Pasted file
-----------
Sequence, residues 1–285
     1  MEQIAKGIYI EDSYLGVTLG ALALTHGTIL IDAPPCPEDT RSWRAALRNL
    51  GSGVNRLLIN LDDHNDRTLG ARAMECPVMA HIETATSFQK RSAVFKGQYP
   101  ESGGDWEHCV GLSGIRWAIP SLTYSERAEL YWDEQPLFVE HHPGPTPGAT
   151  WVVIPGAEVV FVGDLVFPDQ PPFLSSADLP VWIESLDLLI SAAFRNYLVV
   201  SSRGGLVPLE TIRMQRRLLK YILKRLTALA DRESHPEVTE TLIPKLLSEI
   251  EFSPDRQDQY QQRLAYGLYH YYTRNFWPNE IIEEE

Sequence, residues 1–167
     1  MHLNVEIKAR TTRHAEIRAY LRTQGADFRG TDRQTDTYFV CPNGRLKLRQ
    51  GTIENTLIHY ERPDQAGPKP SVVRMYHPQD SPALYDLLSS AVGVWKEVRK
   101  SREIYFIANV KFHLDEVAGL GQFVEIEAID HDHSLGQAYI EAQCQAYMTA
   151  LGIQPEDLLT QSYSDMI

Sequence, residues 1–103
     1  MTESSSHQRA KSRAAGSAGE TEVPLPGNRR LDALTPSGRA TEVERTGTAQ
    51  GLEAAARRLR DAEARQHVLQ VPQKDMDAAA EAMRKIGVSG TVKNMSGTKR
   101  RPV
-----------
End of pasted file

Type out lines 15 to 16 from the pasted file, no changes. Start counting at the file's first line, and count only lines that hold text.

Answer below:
    51  GLEAAARRLR DAEARQHVLQ VPQKDMDAAA EAMRKIGVSG TVKNMSGTKR
   101  RPV